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The biggest PC gaming stories of the week

(Image credit: Rockstar)

Wait, how did it suddenly get to be October? That doesn't jibe with my math at all, which tells me it should still be, like, mid-August at the latest. But as we careen into the spookiest of all months, it was yet another big week for PC gaming. Here's the hottest hits from the past week. 

Red Dead Redemption 2 is coming to PC (opens in new tab)

November 5th is the day our six-shootin' dreams come true, as Rockstar just today confirmed Read Dead Redemption 2 will arrive on PC. We've always hoped (and suspected) this would eventually be the case—especially since Rockstar released its own game launcher a few weeks ago.

Destiny 2 players can claim a free Powerful engram from Bungie (opens in new tab)

Destiny 2 arrived on Steam this week along with a free engram from Bungie's awards program. There were some stumbles, too, as the game had to be taken offline for emergency maintenance, but also some impressive concurrent playercounts north of 200K. If you're just starting out with Destiny 2, we've got a guide to help (opens in new tab).

Duke Nukem 3D composer sues Randy Pitchford, Gearbox and Valve (opens in new tab)

Gearbox frontman and lawsuit magnet Randy Pitchford settled one legal dispute, somehow (opens in new tab), but another popped up just as quickly. This time he's been targeted, along with Valve, by Bobby Price, who claims his music for Duke Nukem 3D was used without permission.

(Image credit: Microsoft)

Microsoft Flight Simulator is impossibly massive (opens in new tab)

Andy Kelly took it for a test flight and flew over his real-life house. That's because the entire world is simulated. 

World of Warcraft Classic players can't stop feuding over an abbreviation (opens in new tab)

Should The Deadmines be abbreviated as DM or VC? This is actually a thing people are fighting about.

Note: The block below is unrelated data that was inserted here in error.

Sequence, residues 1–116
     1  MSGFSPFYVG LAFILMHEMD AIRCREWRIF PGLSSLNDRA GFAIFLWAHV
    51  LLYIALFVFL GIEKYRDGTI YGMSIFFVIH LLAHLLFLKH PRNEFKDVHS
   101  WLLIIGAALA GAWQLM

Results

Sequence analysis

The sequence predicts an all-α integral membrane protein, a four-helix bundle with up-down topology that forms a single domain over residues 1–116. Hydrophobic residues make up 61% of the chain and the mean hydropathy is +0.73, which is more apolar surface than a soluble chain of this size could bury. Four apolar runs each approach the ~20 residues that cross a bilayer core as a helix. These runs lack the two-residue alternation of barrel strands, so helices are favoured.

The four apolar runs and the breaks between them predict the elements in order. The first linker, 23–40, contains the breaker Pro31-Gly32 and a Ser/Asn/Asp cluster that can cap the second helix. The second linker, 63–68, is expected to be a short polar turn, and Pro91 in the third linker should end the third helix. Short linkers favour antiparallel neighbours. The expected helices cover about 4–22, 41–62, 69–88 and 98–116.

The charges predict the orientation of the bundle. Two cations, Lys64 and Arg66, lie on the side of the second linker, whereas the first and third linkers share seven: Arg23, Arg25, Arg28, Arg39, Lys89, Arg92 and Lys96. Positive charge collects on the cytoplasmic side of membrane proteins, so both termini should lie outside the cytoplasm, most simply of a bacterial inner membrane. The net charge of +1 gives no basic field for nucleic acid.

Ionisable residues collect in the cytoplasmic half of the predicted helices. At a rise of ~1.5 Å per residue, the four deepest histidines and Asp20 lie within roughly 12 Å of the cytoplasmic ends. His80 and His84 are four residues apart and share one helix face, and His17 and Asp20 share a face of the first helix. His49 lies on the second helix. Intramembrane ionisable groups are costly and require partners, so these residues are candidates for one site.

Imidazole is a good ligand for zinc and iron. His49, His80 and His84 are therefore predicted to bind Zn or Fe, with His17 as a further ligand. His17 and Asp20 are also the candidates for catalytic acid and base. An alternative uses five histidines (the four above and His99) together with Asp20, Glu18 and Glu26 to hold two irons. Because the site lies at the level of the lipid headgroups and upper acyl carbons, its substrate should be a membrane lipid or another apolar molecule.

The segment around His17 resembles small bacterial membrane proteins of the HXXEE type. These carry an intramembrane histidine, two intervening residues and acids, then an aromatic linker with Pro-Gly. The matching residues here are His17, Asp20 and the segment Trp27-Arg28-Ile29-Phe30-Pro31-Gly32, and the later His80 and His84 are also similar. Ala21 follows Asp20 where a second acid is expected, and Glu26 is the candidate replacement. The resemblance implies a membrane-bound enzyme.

You never found this secret Division 2 boss because you never shot at bees (opens in new tab)

A boss called The Agony was so well hidden, no one knew he was there until a developer dropped a hint. You have to shoot bees to find him. U-BEE-Soft. The answer was right in front of us the whole time.

Apex Legends's Crypto is pushing back against aggressive playstyles (opens in new tab)

Apex Legends's third season started this week, too! Newcomer Crypto and his drone are helping balance the game against the more aggressive classes.

More news

Around the office

James took a break from Fortnite and dove into the long-awaited (it's been like eight years) Cube World, and reported back that it wasn't particularly interesting (opens in new tab). That's unfortunate. Tom reminded us how good Salty Bet is (opens in new tab), and placed some wagers on fights between Obi-Wan Kenobi and a Final Fantasy Cactaur.

Tyler's gotten deep into Rainbow Six Siege recently, but since he installed on his hard he's been getting roasted because he's the last one into matches. As a way of coping, he's put together a list of SSDs you can buy (opens in new tab) if you want to avoid the kind of bullying he endures.

Jarred speculated that cloud gaming, if done right, could generate billions (opens in new tab). Of course, Stadia has a lot of hurdles to overcome, like bandwith limits on the user side. Jody reviewed Magic: The Gathering Arena, and declared it the adaptation the original deserves (opens in new tab)

As for me (I'm Chris, hello there), I played and reviewed What the Golf? (opens in new tab) It's inventive and very funny, a celebration of games and golf and things that are not golf. I also evolved some highly unfortunate sea creatures in a demo for simulation game Ecosystem (opens in new tab), and got a sneak peek at grim and atmospheric adventure Mosaic (opens in new tab).

And finally, the team all got together to answer an important question: what other animal (besides that pesky goose) should have its own game? (opens in new tab)

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Chris started playing PC games in the 1980s, started writing about them in the early 2000s, and (finally) started getting paid to write about them in the late 2000s. Following a few years as a regular freelancer, PC Gamer hired him in 2014, probably so he'd stop emailing them asking for more work. Chris has a love-hate relationship with survival games and an unhealthy fascination with the inner lives of NPCs. He's also a fan of offbeat simulation games, mods, and ignoring storylines in RPGs so he can make up his own.